Technology

Auction site eBay 'fixes' bug but only partially

eBay logo Image copyright Getty Images

EBay says it has partially fixed a vulnerability on its online auction site that could have allowed hackers to trick users into downloading malware.

In December, a security company told eBay it had found a flaw in its active content, which allows store owners to offer users pop-ups and other content.

But, Check Point said, on 16 January eBay had replied it "had no plans to fix the vulnerability".

Now, eBay has told the BBC it has "implemented various security filters based on" Check Point's findings.

"While not fully patched, given that we allow active content on our marketplace, it's important to understand that malicious content on our marketplace is extraordinarily uncommon, which we estimate to be less than two listings per million that use active content on the eBay marketplace," it said.

EBay added it took security "very seriously" but "we have not found any fraudulent activity stemming from this incident."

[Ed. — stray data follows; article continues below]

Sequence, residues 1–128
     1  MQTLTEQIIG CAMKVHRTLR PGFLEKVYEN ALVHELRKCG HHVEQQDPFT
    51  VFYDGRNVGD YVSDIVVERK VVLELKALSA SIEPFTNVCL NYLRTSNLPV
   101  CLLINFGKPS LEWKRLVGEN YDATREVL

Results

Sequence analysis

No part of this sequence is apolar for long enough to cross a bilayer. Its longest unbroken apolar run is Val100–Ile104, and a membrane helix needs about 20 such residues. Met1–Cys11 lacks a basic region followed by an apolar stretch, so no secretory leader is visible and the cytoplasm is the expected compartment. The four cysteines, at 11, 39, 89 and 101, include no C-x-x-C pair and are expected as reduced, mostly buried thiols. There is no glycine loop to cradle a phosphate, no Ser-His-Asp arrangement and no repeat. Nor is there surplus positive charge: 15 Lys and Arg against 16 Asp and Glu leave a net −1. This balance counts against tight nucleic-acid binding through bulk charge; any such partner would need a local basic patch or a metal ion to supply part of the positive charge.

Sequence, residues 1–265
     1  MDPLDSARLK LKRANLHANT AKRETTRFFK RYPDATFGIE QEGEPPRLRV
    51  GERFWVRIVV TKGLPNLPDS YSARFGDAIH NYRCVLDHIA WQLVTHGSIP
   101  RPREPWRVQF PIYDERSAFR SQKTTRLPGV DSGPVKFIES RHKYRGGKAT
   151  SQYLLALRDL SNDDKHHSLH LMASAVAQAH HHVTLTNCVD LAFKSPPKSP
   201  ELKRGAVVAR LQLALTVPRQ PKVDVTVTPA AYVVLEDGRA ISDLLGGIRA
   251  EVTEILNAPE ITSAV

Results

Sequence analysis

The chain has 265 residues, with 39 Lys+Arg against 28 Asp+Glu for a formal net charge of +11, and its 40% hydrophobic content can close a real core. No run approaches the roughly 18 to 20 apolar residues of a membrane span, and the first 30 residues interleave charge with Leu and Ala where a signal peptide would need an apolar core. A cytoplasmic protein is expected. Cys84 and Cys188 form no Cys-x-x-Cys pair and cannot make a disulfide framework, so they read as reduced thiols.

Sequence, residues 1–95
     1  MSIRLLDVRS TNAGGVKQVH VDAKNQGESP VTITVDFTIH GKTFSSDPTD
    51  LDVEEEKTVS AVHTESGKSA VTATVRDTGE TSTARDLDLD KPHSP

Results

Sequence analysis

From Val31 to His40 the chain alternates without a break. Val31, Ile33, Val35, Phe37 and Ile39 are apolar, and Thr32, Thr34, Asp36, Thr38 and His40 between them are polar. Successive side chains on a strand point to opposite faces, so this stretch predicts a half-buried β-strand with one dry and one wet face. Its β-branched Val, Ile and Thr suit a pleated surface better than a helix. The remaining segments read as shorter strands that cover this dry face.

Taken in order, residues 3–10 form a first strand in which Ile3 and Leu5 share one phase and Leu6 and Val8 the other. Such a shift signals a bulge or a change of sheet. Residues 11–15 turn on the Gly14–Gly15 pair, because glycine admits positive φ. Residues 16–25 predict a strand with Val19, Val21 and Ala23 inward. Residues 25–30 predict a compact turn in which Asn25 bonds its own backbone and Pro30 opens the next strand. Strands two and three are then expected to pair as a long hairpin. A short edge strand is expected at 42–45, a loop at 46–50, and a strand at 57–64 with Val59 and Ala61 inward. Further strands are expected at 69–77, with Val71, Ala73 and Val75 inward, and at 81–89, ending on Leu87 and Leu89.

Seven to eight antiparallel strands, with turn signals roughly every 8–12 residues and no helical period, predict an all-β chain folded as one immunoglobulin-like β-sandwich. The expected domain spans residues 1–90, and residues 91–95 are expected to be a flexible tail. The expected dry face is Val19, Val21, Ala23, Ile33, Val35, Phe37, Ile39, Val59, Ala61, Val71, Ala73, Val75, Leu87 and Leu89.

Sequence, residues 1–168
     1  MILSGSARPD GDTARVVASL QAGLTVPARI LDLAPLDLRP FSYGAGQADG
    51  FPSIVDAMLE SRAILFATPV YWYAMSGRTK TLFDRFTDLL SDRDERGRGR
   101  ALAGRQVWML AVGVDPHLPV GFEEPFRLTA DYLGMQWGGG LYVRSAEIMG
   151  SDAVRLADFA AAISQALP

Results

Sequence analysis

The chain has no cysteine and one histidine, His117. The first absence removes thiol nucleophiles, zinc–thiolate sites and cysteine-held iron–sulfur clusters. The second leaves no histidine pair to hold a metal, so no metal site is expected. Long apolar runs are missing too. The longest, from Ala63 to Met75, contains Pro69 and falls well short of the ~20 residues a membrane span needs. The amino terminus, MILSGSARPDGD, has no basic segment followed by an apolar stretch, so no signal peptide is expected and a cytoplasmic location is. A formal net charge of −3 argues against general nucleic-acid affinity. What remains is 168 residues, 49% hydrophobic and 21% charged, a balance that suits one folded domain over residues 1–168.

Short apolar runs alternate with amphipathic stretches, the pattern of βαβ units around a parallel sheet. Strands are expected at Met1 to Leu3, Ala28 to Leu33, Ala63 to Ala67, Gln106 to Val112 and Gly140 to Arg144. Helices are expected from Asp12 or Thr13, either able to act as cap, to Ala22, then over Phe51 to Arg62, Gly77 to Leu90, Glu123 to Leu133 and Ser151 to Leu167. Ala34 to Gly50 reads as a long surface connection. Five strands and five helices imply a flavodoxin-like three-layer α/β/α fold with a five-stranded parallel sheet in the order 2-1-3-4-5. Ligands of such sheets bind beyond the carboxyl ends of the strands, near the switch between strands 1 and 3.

The vulnerability meant any attacker could set up a store and insert the malicious code.

Check Point research manager Oded Vanunu said: "This vulnerability allows attackers to bypass eBay's code validation and control the vulnerable code remotely to execute malicious Java script on targeted eBay users.

"If this flaw is left unpatched, eBay's customers will continue to be exposed to potential phishing attacks and data theft."

Image copyright Check Point
Image caption Users are lured in with promise of attractive products

Blind eye

Large corporations are increasingly being warned about vulnerabilities on their websites.

Last week, the BBC reported a bug spotted by security researcher Paul Moore in the Asda website had remained live for two years.

Following the report, the retailer acted to fix the issue.

"Sadly many firms turn a blind eye to security problems on their websites until the media get a whiff that something bad is going on," said security expert Graham Cluley.

"I don't think it is necessarily the case that websites are more bug-ridden than ever before, but rather that more and more vulnerability researchers are hunting for flaws on popular websites, and knowledge regarding bad practices and sloppy security is growing in the tech community," he added.

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